Robert Bloch was born on April 5, 1917, in Chicago. He passed away on September 23, 1994 in Los Angeles.
Although he will be remembered as the author of Psycho, and justifiably so, he was a writer of great range and depth. While I’ve found his novels to be somewhat hit and miss, I’ve almost always enjoyed his short fiction.
Bloch was a member of the Lovecraft Circle and published in Weird Tales, but he quickly moved on to other types of fiction than Mythos pastiche. (Not that there’s anything wrong with Bloch’s Mythos tales, but they were his early work.) He appeared as Robert Blake in Lovecraft’s “The Haunter of the Dark.”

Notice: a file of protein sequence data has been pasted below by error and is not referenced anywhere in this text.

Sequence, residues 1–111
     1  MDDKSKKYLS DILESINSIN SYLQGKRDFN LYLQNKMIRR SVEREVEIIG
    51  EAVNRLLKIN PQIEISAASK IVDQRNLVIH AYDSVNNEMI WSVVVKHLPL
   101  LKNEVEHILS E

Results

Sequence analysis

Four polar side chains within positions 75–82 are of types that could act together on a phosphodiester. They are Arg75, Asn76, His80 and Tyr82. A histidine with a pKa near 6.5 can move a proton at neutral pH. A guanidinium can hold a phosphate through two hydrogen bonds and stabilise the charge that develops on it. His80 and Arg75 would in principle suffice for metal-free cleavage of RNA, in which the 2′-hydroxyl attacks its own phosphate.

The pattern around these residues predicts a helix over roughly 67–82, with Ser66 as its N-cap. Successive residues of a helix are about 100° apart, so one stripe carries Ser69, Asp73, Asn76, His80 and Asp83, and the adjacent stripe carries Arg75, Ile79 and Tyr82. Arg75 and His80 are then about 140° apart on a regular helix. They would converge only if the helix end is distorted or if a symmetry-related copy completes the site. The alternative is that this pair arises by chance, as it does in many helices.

Bloch was adept at mystery, suspense, science fiction, and fantasy. Bloch managed to infuse humor into some of the grimmest situations. His story “That Hell-Bound Train” won the Hugo Award in 1959. A favorite theme was Jack the Ripper, beginning with the classic “Yours Truly, Jack the Ripper”.
Bloch worked in Hollywood, and many of his stories reflect his experiences there. He wrote two sequels to Psycho which had nothing to do with the movie sequels. I’ve only read the first sequel, but it’s set almost entirely in Hollywood. I wondered how many of the scenes in it were based on actual events.
Anyway, Bloch isn’t as well remembered these days as he should be. Subterranean Press (among others) have published collections of his work in the years since his death, but those are starting to go out of print.
I’m going to read one or two of his stories this evening and toast his memory and literary legacy.
With the lights on and the doors locked, of course.